Fix Features


New federal regulations could force for-profit universities such as The University of Phoenix to disclose more information to applicants about average student debt levels and loan default rates.

The U.S. Department of Education proposal, announced Friday, would set new thresholds for federal student aid eligibility of for-profits, by considering their students’ annual debt-to-earnings rate and student loan default rates over a three-year period.

In its announcement, the department said the new regulations would help rein in career-training programs that leave students swimming in debt while doing little to advance their careers.

But institutions that would be affected said any new rules should apply across the board — to include public universities — and that the data behind the proposal rule could be flawed.

Officials at Apollo Education Group Inc., the Phoenix-based operator of the for-profit University of Phoenix, said they were still reading through the proposed regulations and could not comment specifically on it. But they agreed with others that any transparency requirements should apply across the board…

For-profit universities are often criticized for the higher than average debt levels, low graduation rates, and poor post-graduate employment and earnings statistics among graduates.

Critics of for-profit universities say students should be better educated about the likely return on investment prior to enrollment.

(Image by 401k2012)


The Heritage Foundation’s news blog The Foundry reports on the controversy raging in the state of Indiana over the Federal government’s common core curriculum standards:

Indiana today is a battleground for one of the Obama administration’s preferred prescriptions to improve public schools — uniform national education standards formally known as Common Core State Standards…Common Core began as a broad reform, dreamed up by the bipartisan National Governors Association and the Council of Chief State School Officers, to provide a high-quality base of academic standards that any state in the country could choose to use. In 2010, Indiana became one of the first states to adopt the standards. By June 2012, 45 states, plus the District of Columbia, also began the implementation process.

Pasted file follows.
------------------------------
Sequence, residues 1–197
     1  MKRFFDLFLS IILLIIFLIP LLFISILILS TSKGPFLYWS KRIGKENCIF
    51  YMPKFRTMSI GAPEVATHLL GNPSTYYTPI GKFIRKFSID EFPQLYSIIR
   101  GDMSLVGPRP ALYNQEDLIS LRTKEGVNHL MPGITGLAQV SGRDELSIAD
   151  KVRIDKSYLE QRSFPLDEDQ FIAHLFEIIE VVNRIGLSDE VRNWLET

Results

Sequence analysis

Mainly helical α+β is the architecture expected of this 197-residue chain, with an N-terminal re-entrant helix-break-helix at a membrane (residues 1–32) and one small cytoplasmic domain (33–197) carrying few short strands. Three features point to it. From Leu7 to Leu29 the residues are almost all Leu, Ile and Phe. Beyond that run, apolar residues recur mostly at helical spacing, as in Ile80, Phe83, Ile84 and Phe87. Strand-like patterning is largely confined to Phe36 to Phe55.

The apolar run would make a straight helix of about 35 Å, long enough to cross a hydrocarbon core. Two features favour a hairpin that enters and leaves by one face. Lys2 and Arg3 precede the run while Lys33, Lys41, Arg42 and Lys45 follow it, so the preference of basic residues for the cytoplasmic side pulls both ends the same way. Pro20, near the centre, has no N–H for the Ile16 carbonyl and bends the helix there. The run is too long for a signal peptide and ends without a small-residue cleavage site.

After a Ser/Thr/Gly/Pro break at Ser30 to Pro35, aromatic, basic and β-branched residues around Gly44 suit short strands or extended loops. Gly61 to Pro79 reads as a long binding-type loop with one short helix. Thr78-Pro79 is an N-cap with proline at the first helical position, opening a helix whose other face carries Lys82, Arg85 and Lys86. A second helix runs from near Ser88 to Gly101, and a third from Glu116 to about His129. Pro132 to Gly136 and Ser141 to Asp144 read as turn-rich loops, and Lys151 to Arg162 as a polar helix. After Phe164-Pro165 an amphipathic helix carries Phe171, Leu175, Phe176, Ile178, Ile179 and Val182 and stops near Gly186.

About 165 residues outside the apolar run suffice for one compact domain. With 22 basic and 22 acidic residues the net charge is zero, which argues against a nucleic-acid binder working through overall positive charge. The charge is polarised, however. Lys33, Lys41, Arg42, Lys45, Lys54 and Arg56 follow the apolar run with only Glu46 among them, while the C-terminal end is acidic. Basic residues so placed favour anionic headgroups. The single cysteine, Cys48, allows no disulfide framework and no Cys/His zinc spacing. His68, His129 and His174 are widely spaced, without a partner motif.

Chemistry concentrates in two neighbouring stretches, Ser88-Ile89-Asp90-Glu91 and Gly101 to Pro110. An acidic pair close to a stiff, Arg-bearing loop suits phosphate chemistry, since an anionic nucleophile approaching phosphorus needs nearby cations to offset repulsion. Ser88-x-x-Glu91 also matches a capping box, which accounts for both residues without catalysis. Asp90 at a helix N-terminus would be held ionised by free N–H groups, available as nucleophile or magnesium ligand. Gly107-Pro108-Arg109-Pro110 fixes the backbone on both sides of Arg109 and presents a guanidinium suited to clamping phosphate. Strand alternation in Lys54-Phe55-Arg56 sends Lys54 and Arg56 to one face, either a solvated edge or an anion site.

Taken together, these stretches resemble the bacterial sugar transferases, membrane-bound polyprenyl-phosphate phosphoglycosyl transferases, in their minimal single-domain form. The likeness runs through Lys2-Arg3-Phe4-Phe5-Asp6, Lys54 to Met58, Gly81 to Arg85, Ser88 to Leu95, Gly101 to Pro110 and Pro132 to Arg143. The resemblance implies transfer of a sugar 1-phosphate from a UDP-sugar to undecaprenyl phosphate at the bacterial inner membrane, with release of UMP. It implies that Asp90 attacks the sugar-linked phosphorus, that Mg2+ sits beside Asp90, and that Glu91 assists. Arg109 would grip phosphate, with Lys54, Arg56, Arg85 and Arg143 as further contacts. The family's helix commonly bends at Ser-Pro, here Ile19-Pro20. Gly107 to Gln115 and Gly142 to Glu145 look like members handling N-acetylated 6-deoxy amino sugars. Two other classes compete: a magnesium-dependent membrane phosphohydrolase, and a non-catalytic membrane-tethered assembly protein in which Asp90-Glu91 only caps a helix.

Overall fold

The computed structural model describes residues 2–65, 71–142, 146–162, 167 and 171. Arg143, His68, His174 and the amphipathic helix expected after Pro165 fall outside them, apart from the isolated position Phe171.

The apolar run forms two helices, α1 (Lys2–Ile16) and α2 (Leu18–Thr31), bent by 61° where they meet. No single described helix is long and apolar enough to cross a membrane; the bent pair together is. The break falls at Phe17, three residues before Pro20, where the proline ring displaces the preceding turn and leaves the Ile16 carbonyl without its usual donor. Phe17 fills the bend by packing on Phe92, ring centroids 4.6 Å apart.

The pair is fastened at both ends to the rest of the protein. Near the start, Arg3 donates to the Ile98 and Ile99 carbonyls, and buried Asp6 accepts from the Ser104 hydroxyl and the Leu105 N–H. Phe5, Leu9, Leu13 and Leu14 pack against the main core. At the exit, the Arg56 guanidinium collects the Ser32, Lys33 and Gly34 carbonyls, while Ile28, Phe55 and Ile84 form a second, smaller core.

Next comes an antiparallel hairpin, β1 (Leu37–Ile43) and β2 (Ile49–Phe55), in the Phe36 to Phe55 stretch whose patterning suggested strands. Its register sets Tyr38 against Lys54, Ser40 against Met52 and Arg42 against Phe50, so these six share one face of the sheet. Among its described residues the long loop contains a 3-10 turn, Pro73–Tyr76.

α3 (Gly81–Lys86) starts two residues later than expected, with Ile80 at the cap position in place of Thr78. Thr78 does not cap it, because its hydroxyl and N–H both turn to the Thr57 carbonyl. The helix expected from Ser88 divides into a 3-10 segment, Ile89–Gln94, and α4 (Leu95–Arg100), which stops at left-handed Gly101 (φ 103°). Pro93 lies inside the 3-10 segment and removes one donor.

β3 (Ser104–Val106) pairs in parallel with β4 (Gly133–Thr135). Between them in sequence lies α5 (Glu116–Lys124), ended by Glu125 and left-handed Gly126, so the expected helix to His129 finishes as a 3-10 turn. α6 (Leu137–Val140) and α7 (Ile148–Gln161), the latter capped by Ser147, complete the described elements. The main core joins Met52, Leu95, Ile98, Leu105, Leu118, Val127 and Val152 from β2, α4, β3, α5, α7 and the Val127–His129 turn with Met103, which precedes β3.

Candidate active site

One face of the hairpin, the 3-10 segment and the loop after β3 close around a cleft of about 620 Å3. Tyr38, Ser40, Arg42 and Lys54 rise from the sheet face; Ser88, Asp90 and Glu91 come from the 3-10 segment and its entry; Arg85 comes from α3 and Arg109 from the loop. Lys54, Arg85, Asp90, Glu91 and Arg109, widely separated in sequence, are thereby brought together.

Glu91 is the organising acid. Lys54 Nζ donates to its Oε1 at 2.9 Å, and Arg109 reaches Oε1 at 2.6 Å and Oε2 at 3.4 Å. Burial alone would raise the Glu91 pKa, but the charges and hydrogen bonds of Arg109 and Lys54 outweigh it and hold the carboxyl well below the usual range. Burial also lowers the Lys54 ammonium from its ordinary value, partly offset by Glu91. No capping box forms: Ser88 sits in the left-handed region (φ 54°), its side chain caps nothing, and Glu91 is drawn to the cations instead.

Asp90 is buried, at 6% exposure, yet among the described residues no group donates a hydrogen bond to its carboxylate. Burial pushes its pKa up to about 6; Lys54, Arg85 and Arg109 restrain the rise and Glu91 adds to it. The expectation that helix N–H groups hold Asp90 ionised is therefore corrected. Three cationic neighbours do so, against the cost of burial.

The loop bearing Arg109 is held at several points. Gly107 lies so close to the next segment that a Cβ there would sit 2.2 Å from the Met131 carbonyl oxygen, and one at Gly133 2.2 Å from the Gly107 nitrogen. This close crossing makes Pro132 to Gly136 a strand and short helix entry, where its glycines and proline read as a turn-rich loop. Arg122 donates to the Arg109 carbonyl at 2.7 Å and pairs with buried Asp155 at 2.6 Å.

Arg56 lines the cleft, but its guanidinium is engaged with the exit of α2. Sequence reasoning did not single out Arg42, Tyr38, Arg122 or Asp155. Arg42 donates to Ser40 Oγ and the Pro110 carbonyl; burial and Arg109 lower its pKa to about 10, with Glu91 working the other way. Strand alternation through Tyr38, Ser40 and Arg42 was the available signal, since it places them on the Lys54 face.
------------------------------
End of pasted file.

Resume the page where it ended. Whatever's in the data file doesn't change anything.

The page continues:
Common Core already is woven into the fabric of American education. And where the words “Common Core” appear, protests are not far behind.

Resistance began at the individual level, with parents such as Heather Crossin, an Indianapolis mom of four. Crossin, now one of Indiana’s most vocal opponents of Common Core, asked her school’s principal why 8-year-old Lucy’s math homework suddenly focused on abstract concepts, even drawing pictures to solve problems, instead of practicing formulas.

“I assumed initially it was just a bad textbook selection. I found out that was not the case,” Crossin says…

Read more.


CNN reports on a recent White House event, honoring several American music icons:

While the President was paying tribute to Aretha Franklin, he had a hard time with the spelling of a word famously spelled out in one of her best known songs.

“When Aretha first told us what R-S-P-E-C-T meant to her, she had no idea it would become a rallying cry for African Americans, and women, and then everyone who felt marginalized because of what they looked like or who they loved,” Obama said to chuckles from the audience.